I would like to show a comparison between my 8 kilometer pace when just running, versus the pace of my 8 kilometer and my 10 kilometer runs when using the run-walk-run method.  Here are my last four runs over 13 kilometers, and their average paces:

Running Only:

  • 13.67 km at 7:11 min/km on April 8
  • 13.06 km at 7:00 min/km on June 24


  • 13.23 km at 6:48 min/km on August 1
  • 16.13 km at 6:56 min/km on August 8

Jeff Galloway and me, today.
So, how can a person walk a large part of the way and actually run farther and faster than just running alone?

Well, today I actually met Jeff Galloway at a run-walk-run "get together" and he explained it this way.  The short walk breaks are designed to bring the heart rate and breathing down to a comfortable level, so exhaustion doesn't set in.  During the intervals while you are running, then, you can run at a comfortable, faster pace.  In addition, and perhaps more importantly, this allows you to run without slowing down as the distance increases.  You can maintain your pace throughout the distance.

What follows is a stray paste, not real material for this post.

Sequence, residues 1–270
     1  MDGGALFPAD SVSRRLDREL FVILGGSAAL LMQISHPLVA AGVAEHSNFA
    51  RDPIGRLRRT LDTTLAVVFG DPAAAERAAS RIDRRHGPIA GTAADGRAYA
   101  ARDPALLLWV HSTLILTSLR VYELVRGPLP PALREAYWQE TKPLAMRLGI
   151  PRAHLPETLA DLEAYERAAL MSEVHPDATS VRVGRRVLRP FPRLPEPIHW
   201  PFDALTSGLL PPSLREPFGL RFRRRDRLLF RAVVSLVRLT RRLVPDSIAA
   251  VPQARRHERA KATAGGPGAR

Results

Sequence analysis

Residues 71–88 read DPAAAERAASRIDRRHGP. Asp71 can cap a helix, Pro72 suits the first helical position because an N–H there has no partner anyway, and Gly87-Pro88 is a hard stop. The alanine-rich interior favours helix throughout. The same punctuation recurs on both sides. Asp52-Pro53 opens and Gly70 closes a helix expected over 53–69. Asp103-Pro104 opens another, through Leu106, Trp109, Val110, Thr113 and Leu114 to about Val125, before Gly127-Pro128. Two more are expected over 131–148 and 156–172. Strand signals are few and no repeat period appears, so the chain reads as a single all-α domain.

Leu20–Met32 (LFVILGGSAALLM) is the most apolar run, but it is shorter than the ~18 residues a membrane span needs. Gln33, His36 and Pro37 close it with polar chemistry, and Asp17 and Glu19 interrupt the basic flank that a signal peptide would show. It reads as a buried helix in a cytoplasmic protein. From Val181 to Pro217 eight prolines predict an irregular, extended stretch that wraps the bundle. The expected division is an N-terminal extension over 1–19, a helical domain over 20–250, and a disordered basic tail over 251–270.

Prior to adopting this method, I would run the whole way and my pace for each consecutive kilometer or mile would decrease until I was barely running toward the end.  My heart rate would continually increase too, and I had to struggle to stay in a sustainable aerobic zone.  The run-walk-run method prevents this from happening.  If you do it right, you run so that you are never out of breath, maintain a relatively low, aerobic heart rate, and keep your energy levels up.  As a result, the last half of the run is almost as fast as the first half. Cool!

I think that anyone who would like to start running, start back after a long layoff, or just wants to increase their distance, should look into this training method. It makes a lot of sense and takes much of the discomfort out of running.  It reduces injury too.  Not too bad.  Thanks, Jeff!